The Whitworths of Arizona, bringing science to you in everyday language.

Friday, January 10, 2020

Phrase of the Month: Care Partner

Over the last year we've started using certain words and phrases more and more. One of these is "dementia care partner" vs. "dementia caregiver."

We identify a dementia caregiver as anyone who provides care in some way for a person living with dementia. A dementia care partner is usually someone who lives with the person and is responsible for their whole care. That is they may not provide the care, but they are responsible for making sure it is provided.

While a caregiver may provide only physical care, a care partner's job is much more diverse. The responsibilities of a care partner, also called a family caregiver, include many challenges but also with many blessings. The job can involve any of the following and more:
  • The physical, hands-on care of their love one. Helping with dressing, toileting, bathing, eating and all those many daily living activities.
  • Care management. Arranging for care and services such as doctor's appointments, lab tests, physical and occupational therapy related to LBD and other medical conditions.
  • Assessment of a loved one's condition. Deciding when to call a doctor or ask for other help or guidance.
  • Social manager and companion, making sure that their loved one continues to have social contact in ways that are less anxiety producing.
  • Legal manager. Making sure all the necessary legal paperwork is in place so that as the disease progresses, transitions or responsibility will be smooth.
  • Financial manager. Being responsible for the management of regular income and expenses.
  • Housekeeper, cook and dietitian. Making sure the home is safe and clutter-free and the food is not only attractive but brain supportive.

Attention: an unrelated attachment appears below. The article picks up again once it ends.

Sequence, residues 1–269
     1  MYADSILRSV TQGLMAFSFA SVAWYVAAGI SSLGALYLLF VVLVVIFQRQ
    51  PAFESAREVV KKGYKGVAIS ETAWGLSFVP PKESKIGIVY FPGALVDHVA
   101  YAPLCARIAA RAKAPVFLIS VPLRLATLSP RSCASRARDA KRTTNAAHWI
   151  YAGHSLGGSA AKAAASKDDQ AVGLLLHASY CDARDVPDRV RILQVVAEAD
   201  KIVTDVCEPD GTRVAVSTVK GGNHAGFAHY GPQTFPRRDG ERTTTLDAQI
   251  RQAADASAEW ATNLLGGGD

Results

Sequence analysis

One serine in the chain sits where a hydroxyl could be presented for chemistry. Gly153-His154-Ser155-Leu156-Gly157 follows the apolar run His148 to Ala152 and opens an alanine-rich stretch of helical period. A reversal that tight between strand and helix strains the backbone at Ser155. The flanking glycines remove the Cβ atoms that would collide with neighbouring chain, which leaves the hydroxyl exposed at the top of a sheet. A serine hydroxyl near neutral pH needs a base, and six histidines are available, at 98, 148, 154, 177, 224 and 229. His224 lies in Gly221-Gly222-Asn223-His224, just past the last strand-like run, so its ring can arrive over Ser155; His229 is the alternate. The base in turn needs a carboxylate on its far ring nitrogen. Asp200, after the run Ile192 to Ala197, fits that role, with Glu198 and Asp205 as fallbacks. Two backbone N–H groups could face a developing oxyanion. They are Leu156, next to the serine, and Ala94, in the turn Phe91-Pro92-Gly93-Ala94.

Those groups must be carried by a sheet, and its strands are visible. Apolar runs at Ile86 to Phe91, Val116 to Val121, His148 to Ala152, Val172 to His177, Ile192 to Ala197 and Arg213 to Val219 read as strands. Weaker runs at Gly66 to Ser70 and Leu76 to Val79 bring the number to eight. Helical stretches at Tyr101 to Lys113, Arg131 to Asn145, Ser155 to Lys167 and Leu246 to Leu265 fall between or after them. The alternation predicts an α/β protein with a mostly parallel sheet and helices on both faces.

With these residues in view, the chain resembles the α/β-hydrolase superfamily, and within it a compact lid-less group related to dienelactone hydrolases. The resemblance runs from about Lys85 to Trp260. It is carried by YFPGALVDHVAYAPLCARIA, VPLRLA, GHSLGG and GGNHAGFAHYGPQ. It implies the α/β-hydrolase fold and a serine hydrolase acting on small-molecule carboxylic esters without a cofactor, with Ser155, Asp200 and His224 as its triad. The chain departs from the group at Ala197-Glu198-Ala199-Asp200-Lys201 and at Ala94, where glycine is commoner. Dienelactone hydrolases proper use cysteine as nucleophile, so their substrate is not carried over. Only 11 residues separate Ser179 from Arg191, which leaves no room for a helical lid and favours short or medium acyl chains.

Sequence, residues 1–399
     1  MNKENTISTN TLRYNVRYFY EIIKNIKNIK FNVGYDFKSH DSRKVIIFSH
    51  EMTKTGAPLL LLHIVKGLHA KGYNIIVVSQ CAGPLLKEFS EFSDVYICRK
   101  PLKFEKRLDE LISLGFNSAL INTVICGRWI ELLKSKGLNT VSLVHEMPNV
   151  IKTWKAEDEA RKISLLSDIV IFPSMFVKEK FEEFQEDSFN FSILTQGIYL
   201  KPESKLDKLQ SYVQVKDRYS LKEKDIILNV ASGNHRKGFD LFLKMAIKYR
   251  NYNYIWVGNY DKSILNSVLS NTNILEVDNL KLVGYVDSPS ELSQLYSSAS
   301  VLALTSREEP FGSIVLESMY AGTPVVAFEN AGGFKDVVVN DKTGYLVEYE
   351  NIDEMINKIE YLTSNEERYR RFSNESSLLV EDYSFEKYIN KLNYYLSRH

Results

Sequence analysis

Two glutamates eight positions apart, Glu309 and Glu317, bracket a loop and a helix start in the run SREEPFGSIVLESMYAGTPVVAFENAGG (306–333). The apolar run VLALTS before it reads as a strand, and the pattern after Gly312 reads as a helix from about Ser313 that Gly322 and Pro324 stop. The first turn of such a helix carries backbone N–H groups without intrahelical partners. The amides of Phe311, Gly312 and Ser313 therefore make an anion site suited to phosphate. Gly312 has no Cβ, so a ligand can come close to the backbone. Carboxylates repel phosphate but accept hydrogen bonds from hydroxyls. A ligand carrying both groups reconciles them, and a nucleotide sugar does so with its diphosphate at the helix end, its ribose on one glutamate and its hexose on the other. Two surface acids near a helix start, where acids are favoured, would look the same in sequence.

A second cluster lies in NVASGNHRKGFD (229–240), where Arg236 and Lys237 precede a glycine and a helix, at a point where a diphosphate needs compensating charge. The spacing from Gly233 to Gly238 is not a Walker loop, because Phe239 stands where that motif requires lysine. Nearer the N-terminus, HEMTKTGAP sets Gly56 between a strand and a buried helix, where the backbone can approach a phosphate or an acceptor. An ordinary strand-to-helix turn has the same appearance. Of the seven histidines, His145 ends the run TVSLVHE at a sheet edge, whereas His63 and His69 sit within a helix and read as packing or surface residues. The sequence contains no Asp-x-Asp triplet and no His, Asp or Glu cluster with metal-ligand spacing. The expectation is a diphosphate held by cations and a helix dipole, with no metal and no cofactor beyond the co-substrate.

Along with all of these jobs, the care partner also usually has a previous relationship with their loved one: spouse, child, or other relative. Jim's was that of spouse. My loved one and I were sisters. My daughter cares for her mother-in-law.

Each of these relationships started out different and involved a variety of challenges as the disease made the roles change. These transitions can be difficult, as responsibilities once held by the loved one pass by necessity to the care partner--not always willingly on the loved one's part!--and as activities once enjoyed by the two become less enjoyable or even impossible. Next week's blogs will explore some of these challenges and identify some blessings.

For more information about Lewy body disorders, read our books:
A Caregivers’ Guide to Lewy Body Dementia
Managing Cognitive Issues in Parkinson's and Lewy Body Dementia
Responsive Dementia Care: Fewer Behaviors Fewer Drugs
Lewy Body Dementia: A Manual for Staff

Helen and James Whitworth are not doctors, lawyers or social workers. As informed caregivers, they share the information here for educational purposes only. It should never be used instead of a professional's advice.

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